Arsenal have agreed the biggest kit deal in English football with sports giants Puma worth in excess of £30m-a-year in which the five year contract worth £170m in total.
The deal worth more than Liverpool’s new £25m-a-year contract with Warrior and brings to an end Arsenal’s 20-year tie-up with Nike.
The deal, which will not be announced officially for some time, will give Arsenal major additional financial clout on top of the £150m five year shirt sponsorship deal with Emirates.
The new agreement dwarfs the current kit deal with Nike, which is worth £55m over seven years and expires at the end of NEXT season.
Nike had an exclusive renegotiation clause with Arsenal which has now expired and they have clearly decided not to renew. Nike declined to comment last night. Arsenal are also bound by a confidentiality agreement.
A source close to Nike said:
“Nike were keen to work with Arsenal, keen to keep it going, but not at any price.”
Adidas were in pole position for the Arsenal deal and had even put forward designs but they announced last month that they would not be bidding. Liverpool’s kit makers Warrior were also keen.
But Puma are understood to have blown the opposition away in negotiations with Arsenal who were driving a hard bargain.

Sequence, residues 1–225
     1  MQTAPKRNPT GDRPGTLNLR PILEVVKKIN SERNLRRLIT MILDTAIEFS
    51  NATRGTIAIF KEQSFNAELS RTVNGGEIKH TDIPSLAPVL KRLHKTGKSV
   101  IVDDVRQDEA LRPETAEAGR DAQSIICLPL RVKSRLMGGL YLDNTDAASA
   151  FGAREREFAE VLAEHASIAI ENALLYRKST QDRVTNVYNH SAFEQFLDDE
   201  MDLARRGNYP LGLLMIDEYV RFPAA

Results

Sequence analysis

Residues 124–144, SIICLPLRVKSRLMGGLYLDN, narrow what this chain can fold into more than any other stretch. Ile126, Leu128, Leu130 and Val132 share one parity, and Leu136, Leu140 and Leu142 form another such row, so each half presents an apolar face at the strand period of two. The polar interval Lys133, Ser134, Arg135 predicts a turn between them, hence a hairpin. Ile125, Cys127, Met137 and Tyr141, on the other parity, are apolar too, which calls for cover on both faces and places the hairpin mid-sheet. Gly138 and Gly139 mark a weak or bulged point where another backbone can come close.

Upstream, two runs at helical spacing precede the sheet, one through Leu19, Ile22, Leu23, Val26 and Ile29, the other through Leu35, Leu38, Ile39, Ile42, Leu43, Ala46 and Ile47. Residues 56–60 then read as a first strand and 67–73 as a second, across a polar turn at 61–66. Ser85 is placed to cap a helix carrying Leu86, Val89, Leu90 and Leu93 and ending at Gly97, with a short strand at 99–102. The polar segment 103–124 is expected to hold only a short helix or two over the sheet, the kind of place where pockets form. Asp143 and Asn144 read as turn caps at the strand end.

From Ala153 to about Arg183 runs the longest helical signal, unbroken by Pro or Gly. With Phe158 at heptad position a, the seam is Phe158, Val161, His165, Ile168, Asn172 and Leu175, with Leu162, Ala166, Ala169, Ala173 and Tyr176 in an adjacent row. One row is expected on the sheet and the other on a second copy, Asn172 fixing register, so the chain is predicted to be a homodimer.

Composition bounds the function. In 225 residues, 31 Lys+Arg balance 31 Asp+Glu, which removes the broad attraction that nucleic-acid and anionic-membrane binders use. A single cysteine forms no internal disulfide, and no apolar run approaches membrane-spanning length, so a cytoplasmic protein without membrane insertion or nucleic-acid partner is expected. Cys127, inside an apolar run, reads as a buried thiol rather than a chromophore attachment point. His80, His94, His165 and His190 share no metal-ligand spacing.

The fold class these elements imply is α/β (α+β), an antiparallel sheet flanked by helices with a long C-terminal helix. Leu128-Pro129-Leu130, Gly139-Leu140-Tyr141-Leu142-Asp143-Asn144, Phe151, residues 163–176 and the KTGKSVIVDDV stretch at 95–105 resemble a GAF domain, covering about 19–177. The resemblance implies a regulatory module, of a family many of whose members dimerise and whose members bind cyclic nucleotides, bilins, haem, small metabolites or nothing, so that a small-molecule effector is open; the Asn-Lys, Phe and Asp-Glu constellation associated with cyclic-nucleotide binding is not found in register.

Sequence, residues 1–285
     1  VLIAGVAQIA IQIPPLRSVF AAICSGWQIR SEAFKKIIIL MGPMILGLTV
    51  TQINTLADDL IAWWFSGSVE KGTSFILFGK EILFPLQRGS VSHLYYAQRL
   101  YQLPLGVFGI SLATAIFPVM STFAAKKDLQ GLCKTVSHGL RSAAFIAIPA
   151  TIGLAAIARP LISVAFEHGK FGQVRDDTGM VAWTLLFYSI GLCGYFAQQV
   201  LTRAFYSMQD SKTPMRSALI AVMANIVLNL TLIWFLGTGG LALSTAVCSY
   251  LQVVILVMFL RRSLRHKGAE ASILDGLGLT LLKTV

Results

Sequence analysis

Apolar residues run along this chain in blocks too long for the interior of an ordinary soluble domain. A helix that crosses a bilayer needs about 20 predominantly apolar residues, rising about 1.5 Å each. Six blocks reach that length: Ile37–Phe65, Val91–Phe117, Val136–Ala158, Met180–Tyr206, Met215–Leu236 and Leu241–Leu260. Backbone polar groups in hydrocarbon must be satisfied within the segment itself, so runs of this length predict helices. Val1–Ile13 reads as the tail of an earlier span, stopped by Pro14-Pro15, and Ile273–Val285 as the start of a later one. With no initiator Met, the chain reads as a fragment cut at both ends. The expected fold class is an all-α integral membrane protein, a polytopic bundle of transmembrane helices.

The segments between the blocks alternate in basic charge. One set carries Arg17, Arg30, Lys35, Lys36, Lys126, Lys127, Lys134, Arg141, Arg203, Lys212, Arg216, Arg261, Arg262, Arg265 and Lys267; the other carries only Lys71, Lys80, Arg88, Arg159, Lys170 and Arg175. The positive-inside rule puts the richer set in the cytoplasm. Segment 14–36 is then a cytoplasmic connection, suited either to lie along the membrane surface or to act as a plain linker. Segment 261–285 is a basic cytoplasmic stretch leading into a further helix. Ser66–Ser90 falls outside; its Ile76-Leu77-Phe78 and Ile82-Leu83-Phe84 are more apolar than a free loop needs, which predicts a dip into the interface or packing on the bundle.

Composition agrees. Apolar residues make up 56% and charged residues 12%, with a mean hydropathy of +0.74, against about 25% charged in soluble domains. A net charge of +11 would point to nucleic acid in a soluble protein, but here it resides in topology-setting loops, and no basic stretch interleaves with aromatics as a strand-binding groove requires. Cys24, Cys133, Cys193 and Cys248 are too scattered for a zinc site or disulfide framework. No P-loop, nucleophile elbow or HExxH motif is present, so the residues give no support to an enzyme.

Puma were Tottenham’s kit makers before Under Armour and are clearly hoping that a tie-up with Arsenal will put them back as major players in the football market.
Furthermore, Puma have strong links with the African market and that is an area where they believe Arsenal are particularly strong and have even bigger potential.
I have been critical of Arsenal’s commercial efforts in the past, but this is a terrific deal for the club. To go from Nike, which was worth just under £8m a year, to Puma and £30m a year, is a massive deal for the club.
Under Uefa’s and the Premier League new Financial Fair Rules, the clubs that can generate the most commercial revenue going forward will win. And with this deal, Arsenal have ensured that they can compete financially with their Premier League rivals for at least the next five years.